Review: God Bless America: Strange and Unusual Religious Beliefs and Practices in the United States by Karen Stallznow (2013 book)

Stallznow, an Australian living in the U.S., has a linguistics PhD and a background in history and anthropology. She treats odd-sounding beliefs with respect but doesn’t hesitate to condemn — quite rightly, I’d say — groups that exploit or mistreat their members.

Possibly the worst of these is a fundamentalist Mormon sect headed by the now-imprisoned Warren Jeffs, which is little more than a front for pedophilia and exploitation of women, who are indoctrinated from childhood to accept what amounts to slavery.

Even Scientology isn’t quite that bad, though it does exploit its victims, some of them to the point of working very long hours in poor conditions for minimal pay. Stallznow suggests Scientology is on the decline, and when she attended what amounted to a Church of Scientology worship service, she was the only person in the congregation. In fact there seemed to be very few people in the whole building, despite their efforts to create an impression of greater activity.

Several denominations, notably the Amish, turn out to be quite a lot more diverse in beliefs and practices than I’d realized. You’ve probably heard of the group of extremist Amish who forcibly cut the beards of other Amish they consider insufficiently zealous, but that’s apparently a conflict within one Amish subgroup. Others differ fairly widely in terms of, for example, how much modern technology they tolerate.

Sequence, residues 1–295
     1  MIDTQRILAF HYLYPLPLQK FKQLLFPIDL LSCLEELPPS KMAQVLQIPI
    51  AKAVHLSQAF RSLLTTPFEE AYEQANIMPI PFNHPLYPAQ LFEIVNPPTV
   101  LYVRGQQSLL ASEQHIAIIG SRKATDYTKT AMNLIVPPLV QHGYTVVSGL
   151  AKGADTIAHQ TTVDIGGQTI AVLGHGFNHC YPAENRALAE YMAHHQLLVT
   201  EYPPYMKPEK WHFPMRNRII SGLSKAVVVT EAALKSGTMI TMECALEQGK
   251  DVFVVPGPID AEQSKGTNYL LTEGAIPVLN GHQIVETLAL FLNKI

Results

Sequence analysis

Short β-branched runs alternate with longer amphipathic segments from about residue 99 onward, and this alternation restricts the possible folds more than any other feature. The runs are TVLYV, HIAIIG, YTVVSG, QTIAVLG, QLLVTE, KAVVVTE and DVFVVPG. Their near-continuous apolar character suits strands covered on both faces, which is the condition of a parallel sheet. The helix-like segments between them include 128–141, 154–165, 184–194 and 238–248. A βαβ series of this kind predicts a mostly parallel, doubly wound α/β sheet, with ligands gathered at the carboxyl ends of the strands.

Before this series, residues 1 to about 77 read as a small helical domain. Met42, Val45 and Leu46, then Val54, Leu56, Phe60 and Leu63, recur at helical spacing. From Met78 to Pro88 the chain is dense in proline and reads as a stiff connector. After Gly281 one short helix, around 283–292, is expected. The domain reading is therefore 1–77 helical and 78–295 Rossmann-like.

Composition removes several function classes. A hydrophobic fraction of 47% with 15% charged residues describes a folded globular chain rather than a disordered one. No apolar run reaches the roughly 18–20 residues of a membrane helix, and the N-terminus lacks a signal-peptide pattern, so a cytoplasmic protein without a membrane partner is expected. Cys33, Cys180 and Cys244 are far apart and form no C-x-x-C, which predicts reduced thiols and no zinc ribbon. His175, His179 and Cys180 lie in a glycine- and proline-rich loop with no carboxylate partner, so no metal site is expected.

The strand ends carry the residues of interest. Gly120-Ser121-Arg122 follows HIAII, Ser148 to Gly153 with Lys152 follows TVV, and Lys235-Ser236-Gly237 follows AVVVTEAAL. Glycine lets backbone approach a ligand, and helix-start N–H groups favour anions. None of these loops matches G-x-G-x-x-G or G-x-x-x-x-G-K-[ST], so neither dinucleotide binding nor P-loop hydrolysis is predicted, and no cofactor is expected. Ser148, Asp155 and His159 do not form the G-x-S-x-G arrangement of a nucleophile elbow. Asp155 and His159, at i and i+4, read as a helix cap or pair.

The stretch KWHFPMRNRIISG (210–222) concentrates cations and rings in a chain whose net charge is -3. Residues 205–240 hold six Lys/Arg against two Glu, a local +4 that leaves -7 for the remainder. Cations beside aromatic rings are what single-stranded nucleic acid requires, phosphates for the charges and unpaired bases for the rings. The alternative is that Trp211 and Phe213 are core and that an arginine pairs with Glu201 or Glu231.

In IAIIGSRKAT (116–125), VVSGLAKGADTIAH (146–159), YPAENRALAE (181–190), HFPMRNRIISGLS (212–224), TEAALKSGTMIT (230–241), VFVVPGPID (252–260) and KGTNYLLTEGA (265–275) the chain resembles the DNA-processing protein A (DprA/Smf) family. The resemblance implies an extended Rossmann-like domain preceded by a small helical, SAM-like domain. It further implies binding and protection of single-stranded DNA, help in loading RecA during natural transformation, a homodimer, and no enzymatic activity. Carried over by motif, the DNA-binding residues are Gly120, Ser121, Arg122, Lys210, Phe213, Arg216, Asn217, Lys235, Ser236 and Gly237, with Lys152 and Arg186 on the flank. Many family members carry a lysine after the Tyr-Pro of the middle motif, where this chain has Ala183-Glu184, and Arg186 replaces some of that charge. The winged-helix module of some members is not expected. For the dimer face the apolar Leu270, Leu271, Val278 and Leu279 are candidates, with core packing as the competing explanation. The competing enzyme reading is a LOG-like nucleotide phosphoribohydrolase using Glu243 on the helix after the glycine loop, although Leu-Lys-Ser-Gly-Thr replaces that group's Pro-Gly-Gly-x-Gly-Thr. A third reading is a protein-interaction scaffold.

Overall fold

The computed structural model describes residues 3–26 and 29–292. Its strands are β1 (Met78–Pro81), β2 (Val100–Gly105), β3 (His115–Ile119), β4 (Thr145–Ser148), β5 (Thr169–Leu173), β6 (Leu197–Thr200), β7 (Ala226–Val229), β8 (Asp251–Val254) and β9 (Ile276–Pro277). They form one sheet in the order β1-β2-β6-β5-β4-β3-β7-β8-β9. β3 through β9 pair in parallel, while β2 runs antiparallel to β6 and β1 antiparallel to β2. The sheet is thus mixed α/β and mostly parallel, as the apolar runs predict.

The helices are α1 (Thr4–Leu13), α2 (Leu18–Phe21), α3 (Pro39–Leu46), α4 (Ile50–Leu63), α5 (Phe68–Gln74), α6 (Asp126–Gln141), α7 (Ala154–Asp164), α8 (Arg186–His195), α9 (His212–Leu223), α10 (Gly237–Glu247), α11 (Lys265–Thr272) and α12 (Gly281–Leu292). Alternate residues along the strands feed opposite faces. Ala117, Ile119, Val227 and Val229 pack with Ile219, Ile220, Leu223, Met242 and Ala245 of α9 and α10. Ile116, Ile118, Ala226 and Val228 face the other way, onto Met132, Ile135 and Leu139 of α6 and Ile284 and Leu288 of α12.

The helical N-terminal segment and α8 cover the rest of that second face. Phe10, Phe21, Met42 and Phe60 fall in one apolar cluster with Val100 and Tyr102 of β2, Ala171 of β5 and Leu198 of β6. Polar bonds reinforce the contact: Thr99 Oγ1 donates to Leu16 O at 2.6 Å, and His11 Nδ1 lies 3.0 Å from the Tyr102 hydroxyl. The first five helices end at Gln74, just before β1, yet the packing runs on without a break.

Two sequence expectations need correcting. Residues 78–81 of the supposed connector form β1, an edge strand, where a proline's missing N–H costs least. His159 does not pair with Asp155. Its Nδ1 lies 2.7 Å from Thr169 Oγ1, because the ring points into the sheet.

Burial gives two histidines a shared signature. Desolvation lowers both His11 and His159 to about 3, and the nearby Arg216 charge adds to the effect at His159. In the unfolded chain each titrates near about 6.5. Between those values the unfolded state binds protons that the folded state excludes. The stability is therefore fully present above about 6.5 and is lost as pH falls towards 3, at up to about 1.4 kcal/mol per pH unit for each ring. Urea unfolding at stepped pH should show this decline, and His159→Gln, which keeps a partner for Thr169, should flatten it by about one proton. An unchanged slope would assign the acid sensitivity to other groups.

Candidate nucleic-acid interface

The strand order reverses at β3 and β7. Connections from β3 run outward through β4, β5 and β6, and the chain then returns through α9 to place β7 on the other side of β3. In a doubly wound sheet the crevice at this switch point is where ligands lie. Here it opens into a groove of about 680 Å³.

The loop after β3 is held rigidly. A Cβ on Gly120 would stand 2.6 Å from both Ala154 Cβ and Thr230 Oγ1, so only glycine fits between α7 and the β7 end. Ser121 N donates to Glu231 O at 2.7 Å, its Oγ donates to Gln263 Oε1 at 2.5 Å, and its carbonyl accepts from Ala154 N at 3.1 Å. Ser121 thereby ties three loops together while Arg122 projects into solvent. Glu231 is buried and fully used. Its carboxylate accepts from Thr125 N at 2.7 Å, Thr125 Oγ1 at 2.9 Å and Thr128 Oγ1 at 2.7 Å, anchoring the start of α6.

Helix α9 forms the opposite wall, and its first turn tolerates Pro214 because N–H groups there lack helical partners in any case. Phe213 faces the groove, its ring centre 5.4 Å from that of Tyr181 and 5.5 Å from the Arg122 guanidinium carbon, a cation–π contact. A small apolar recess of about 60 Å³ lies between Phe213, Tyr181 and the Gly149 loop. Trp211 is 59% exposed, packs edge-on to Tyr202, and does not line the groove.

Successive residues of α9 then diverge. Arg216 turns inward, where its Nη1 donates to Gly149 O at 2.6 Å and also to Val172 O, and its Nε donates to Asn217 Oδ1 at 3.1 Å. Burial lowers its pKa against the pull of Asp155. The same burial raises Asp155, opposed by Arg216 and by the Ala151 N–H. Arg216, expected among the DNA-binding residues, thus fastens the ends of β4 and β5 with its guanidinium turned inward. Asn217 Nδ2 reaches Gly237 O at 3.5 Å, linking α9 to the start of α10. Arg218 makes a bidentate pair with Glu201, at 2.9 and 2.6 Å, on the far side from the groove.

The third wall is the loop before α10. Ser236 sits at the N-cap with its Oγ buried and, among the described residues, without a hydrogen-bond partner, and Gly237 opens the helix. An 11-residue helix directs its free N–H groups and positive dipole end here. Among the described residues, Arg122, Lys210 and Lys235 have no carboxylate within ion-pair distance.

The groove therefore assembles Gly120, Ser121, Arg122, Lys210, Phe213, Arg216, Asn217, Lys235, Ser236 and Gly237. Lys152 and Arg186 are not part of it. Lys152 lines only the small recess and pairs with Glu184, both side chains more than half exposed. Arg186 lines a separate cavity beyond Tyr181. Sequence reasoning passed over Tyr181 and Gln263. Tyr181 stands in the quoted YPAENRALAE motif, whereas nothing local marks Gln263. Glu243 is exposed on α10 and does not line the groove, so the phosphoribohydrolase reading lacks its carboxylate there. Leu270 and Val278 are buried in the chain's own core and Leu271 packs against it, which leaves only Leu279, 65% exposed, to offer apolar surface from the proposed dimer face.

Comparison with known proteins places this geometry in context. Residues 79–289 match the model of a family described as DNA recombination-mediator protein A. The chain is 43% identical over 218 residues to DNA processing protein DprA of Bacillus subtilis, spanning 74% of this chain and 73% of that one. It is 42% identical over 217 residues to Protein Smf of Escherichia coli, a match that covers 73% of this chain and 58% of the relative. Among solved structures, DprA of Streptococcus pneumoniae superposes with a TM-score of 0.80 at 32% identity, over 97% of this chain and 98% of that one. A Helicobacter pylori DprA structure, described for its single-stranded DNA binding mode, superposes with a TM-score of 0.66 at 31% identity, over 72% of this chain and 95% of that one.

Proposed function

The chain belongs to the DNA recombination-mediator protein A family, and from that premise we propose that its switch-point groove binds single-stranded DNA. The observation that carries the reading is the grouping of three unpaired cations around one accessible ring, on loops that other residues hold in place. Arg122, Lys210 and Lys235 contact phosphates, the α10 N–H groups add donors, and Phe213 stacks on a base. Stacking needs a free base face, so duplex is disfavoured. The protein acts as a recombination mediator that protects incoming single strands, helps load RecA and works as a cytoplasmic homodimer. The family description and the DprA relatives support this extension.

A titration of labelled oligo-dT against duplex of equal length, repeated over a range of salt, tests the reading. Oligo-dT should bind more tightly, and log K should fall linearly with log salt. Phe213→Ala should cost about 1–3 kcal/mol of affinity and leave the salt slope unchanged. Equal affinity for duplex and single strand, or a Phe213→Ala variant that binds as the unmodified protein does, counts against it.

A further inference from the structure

Even Quakers (who are of course nothing at all like the Amish despite what some people think based on the guy on the Quaker Oats box) turn out to have conservative and liberal offshoots, with some younger Quakers amounting to religious atheists.

Stallznow also spends some time on Afro-Caribbean beliefs, New Age spiritualism, and similar woo-woo, a lot of which turns out to be rather fuzzy and hard to pin down. You get the impression that most Satanists are kidding.

This is more a quick, fairly breezy tour than a serious study, and as other people have said, it seems incomplete and leaves the reader wanting more. For example, I’d be interested in additional details on the theology of these groups, but of course few practitioners of any faith, including more mainstream religions, have more than a superficial notion of their theology anyway.

A positive review led me to order this book, and I was surprised to see that it was released by a small publisher here in Durham.

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